Former news anchor for Fox’s Fox & Friends and CNN’s American Morning
I’ll never forget my first time putting together a news story…
I was still getting my degree at the University of Maryland when I began an internship at our local cable news channel “News 21″ in Rockville, Maryland. I used to shadow around the reporters and photographers, watching in awe as they went from the pitch meeting, to story approval, to working the phones, to driving to the story, to setting up the cameras, lights and mics and finally producing a neat package that aired on our daily newscast. Remember, these were the days before the Internet, BBS, iPhone, GPS…Think police scanners, two way radio, and a huge “emergency-only” cellphone that came in a leather bag the size of a briefcase stashed under your car seat.
So I got my first assignment: a local school board budget fight. “YES!!” I thought. I could do this! I got my interviews taped, and after 15 takes I finally had a usable “stand-up” (when the reporter talks on camera, bridging or explaining an element of the story). Now it was time to race back to the station and start logging the tape.
As I sat in front of the computer trying to piece the story together, I remember a prickly panic creeping up my scalp as the thought, “How the hell am I going to write this?” began to take hold.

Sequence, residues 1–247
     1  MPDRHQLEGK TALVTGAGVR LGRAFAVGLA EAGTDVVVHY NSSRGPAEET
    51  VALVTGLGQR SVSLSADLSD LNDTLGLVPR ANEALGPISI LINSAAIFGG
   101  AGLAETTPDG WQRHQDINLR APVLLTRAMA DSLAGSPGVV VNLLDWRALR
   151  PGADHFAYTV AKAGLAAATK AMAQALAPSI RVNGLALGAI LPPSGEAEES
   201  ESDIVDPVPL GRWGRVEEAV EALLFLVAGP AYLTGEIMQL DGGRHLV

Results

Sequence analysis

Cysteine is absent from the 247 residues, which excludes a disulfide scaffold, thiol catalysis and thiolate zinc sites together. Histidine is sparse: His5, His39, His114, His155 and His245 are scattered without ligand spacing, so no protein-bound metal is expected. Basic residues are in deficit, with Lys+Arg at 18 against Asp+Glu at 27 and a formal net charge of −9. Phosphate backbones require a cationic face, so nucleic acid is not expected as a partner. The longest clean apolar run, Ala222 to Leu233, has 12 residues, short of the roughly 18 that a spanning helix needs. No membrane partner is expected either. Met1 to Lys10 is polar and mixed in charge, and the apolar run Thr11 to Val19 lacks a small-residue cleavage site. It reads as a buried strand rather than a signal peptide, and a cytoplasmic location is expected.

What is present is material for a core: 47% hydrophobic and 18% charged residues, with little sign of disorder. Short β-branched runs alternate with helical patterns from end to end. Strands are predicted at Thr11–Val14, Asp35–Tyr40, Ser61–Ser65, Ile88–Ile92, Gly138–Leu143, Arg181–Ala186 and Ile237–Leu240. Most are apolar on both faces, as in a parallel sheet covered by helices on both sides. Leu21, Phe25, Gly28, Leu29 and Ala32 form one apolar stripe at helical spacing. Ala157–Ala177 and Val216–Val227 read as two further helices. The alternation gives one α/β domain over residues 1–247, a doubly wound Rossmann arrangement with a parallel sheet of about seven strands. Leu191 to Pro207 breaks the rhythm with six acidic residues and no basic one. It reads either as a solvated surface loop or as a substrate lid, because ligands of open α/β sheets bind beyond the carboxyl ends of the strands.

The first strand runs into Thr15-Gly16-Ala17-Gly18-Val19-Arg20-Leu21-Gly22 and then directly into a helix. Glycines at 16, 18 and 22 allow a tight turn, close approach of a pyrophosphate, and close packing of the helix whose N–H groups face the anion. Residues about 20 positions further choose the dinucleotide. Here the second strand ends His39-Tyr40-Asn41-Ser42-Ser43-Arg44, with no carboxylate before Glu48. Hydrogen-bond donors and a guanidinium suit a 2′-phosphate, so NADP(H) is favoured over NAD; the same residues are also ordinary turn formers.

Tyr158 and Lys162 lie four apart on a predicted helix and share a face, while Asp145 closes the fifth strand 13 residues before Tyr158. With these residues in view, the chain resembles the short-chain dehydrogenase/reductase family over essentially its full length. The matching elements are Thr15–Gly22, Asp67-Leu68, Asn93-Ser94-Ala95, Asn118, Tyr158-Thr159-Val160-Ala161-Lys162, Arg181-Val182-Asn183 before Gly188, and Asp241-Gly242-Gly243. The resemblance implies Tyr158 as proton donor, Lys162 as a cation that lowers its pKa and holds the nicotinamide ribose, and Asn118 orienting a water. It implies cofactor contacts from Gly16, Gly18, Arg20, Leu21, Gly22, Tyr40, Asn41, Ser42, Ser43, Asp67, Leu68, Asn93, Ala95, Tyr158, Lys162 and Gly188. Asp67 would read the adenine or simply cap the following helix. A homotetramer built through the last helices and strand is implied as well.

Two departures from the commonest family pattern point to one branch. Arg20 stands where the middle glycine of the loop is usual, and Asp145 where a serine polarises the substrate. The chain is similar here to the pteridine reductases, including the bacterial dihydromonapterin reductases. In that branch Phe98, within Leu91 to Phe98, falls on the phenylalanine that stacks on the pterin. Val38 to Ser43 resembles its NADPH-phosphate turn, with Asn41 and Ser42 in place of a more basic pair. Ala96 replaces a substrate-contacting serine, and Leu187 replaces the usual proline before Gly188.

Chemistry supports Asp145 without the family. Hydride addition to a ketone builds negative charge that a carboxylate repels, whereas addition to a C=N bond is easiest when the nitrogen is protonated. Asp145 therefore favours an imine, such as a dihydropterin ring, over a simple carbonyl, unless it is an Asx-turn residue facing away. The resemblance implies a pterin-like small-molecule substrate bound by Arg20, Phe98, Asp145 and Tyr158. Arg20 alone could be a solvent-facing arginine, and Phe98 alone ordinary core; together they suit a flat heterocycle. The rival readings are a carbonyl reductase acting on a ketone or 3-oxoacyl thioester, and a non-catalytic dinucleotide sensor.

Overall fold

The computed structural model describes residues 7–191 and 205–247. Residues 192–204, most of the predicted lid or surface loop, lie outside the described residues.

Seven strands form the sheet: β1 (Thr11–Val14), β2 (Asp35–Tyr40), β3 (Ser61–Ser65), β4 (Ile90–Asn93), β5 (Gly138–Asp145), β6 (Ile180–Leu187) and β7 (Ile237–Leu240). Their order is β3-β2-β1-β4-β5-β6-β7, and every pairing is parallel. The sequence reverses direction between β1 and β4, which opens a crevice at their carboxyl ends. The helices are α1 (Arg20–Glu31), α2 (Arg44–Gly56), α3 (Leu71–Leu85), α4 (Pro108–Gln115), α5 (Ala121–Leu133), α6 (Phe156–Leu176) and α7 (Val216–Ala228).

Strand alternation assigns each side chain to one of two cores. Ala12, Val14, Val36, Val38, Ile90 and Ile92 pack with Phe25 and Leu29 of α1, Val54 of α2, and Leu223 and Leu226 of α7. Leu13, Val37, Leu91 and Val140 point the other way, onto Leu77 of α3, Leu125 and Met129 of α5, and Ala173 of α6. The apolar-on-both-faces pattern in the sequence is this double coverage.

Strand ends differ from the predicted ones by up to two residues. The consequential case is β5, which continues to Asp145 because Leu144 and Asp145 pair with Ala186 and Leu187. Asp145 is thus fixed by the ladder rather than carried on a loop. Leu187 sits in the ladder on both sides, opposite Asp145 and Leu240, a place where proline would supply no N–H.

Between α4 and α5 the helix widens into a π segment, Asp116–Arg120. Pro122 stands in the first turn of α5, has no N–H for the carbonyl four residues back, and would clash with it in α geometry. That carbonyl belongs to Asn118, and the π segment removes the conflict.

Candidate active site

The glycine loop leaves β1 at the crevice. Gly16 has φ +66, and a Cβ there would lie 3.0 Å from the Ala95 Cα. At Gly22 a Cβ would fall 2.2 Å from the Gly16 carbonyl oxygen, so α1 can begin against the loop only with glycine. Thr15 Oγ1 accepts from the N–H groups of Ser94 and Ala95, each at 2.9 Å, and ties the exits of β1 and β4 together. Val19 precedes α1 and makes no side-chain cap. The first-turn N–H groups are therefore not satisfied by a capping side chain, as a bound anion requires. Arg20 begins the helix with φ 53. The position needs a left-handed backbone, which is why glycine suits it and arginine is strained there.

The news director popped his head out of his office: “Kiran, you probably need to get into an edit bay in the next 20 minutes and start laying down your track or this might not make air.”
Do or die time Chetry! I didn’t die. I banged it out. Here was my masterpiece. Local news cliches? “But whether they work this out in the end, only time will tell…” CHECK. Generic introduction to a soundbite? “Some say it’s good, others say it’s not...” CHECK. Nervous standup with awkward gesturing and holding the mic like an ice cream cone? CHECK. It was all there! Success!
I tracked (why did I sound like Minnie Mouse back then?) and then started trying to edit. How could this be so hard? The sports guy, Brian, my dear friend to this day, came in to save the day, ensuring my piece didn’t contain long periods of audio with a blank screen. I handed it to the video operator. He popped it in a machine. I held my breath for what seemed like the entire two minute story and when I heard my tagout — “Kiran Chetry, News 21 Rockville” — I could have cried with relief. No one smelled an Emmy that day. But I did it! I put together a story. And it ran on the news.
And I was allowed to come back the next day…and do it all again. Best feeling ever.